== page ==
Tigers Prospect Profile #14: Harold Castro

It's rare that you find any prospect coming out of Venezuela that immediately finds himself among the top 30 the year after signing, but that's exactly what happened with Harold Castro, and after his first year stateside, he's vaulted himself up another notch into the top 15. What's so impressive about the youngster?

Harold Castro
Position: Second Baseman
Height: 6-0
Weight: 155
Born: 11/30/1993
Bats: Left
Throws: Right

Acquired: Amateur Free Agent, 2010
Ranking History: #28 (2011)

Background
The Tigers inked Castro to a deal right before the start of the 2011 season and he jumped right into the VSL as a 17-year old and hit .313/.352/.365 in 63 games. The youngster popped ten doubles and his first professional home run while also stealing 24 bases.

After having such success in his debut season, the Tigers didn't hesitate to bring Castro stateside for the 2012 season where he again excelled at the plate, this time in the rookie-level Gulf Coast League. His .311 batting average led the way but he also walked ten times and only struck out 25 in 193 at-bats. He showed more power as well, ripping 14 doubles, two triples and another home run. On top of all that, he continued to show speed on the bases with 15 steals in 18 attempts.

Scouting Report
Still very young, Castro has a projectable body with good length and plenty of lean muscle. He has room to bulk up a little more without losing his athleticism, and that additional strength could enhance his offensive game.

Castro can flat out hit. There were some scouts that I spoke with last year that though Castro might be the best pure hitter in the Tigers minor league system. He has an amazing feel for hitting that allows him to make consistent contact on all types of pitches both in and out of the strike zone.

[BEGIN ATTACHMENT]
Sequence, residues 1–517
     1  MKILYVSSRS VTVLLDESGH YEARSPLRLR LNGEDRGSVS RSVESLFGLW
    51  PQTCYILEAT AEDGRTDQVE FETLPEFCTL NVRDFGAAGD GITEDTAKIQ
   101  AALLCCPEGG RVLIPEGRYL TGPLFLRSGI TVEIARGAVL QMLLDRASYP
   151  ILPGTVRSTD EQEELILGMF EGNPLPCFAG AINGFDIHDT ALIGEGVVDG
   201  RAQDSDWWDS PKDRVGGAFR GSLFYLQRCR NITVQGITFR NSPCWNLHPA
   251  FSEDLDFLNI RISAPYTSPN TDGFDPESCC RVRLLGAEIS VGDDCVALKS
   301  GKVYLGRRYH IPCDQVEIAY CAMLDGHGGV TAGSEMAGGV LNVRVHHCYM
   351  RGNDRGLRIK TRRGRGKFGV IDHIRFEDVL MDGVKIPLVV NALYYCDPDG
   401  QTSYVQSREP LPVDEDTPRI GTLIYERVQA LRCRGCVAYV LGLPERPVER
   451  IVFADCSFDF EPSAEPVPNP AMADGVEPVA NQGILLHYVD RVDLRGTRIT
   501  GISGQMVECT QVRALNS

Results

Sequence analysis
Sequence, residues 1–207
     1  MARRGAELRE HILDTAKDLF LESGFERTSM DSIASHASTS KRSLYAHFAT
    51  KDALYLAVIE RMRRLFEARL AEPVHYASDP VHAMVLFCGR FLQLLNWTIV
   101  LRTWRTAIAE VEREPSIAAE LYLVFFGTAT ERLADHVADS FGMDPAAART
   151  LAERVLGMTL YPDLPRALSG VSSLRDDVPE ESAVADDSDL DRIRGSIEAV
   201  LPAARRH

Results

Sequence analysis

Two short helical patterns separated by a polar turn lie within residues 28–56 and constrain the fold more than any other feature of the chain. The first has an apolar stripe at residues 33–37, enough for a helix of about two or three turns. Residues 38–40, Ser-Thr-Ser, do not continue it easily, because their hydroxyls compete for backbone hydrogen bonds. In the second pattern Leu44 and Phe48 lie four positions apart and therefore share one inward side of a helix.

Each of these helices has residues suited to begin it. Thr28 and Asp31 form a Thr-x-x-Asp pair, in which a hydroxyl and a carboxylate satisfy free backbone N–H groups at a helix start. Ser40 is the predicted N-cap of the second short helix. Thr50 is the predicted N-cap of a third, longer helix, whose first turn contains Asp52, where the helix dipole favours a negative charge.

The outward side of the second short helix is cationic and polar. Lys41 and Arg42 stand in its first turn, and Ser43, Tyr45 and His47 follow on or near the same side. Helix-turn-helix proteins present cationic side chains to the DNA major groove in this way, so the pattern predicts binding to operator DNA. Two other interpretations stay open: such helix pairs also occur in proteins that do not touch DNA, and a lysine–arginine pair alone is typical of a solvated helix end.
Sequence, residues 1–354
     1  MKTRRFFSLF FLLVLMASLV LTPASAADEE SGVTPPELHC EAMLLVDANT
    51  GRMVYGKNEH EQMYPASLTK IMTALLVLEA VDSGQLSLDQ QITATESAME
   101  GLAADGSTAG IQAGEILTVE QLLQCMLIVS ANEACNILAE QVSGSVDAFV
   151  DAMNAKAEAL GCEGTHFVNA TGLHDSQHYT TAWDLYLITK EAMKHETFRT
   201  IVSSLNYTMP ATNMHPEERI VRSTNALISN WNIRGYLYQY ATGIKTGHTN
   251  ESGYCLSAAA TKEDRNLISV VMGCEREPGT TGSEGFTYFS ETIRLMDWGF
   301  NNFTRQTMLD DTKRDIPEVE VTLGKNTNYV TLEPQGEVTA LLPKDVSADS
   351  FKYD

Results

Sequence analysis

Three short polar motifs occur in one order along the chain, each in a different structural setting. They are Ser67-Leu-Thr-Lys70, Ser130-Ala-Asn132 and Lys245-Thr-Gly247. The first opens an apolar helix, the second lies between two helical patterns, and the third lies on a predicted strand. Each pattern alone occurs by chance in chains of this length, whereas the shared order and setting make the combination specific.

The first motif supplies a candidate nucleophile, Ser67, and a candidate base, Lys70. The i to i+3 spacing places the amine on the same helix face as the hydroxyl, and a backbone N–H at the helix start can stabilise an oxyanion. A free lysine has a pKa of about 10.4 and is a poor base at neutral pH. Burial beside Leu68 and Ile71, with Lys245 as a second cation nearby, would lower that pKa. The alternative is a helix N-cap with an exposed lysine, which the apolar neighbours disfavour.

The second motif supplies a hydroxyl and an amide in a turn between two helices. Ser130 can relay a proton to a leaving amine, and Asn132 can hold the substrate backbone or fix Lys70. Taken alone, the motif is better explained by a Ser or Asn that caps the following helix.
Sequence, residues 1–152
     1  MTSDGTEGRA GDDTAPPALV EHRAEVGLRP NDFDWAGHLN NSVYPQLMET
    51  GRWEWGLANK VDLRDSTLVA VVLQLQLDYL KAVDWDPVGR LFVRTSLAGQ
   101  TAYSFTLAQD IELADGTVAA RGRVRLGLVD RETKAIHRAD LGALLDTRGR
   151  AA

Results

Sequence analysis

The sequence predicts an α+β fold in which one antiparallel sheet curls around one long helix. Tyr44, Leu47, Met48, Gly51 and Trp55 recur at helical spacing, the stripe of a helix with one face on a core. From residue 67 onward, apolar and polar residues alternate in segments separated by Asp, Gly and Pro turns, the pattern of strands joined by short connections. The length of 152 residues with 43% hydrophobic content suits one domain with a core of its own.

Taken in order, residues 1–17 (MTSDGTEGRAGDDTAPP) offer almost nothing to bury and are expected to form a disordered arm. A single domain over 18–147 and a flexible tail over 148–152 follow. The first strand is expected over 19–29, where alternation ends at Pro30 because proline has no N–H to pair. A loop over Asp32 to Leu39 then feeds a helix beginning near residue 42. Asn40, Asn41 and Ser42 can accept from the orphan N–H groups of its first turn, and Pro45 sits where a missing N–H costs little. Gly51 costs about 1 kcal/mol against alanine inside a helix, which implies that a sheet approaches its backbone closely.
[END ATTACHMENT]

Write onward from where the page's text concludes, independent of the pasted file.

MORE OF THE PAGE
Castro has very strong forearms, wrists and hands that allow him to snap the bat to and through the zone with ease. He has a quiet load and the bat is consistently entering the hitting zone on time. While his pitch recognition is raw, his ability to manipulate the head of the bat and get the barrel to the ball is extremely impressive. He can work the ball from line to line with ease and he has a chance to hit .290+ at his peak.

The development of Castro's strength as he reaches physical maturity will dictate how much power emerges in his game. He has the bat speed to pop 25-plus doubles and 5-6 home runs a year but that could take a while to manifest. Regardless, Castro won't be a powerless hitter, as he should find the gaps with some regularity and his speed should help create some extra-base hits as well.

Castro consistently clocks in with above-average to plus times from home to first. He gets out of the box well and I have gotten him as low as 3.98 seconds down the line. He has good instincts on the bases and should steal 20-plus stolen bases with a high success rate at higher levels.

Castro is not a natural defender but he has worked hard and made dramatic improvements with the glove since signing two years ago. In an effort to soften his hands, he exaggerates his fielding motion, working hard to cradle the ball, field it cleanly and make a smooth transfer. As he develops, his actions should become more natural. He needs to improve his double-play turn. Castro's arm is an average to solid-average tool that plays well at second base.

Castro is walking the prospect tightrope with a profile that requires his offensive game to max out for him to be a contributing big league player. If everything comes together he could be an excellent hitter with gap power, good speed and average defense, making him a solid regular at second base.

Performance

Level

Team

AB

AVG

2B

HR

RBI

SO

BB

OBP%

SLG%

R

GCL Tigers

193

.311

14

1

21

25

10

.343

.420


Health Record
Castro has yet to experience a significant injury in his career. He will need to get stronger to improve his stamina and maximize his tools.

Projection
Castro is a gifted hitter with a wealth of offensive tools that could make him a very nice player. He needs to continue getting stronger so he can drive the ball more consistently and he also needs to develop a more mature plan at the plate to avoid getting himself out with weak contact outside of the strike zone. With those developments, Castro can become a solid everyday player whose bat carries him through the minor leagues.

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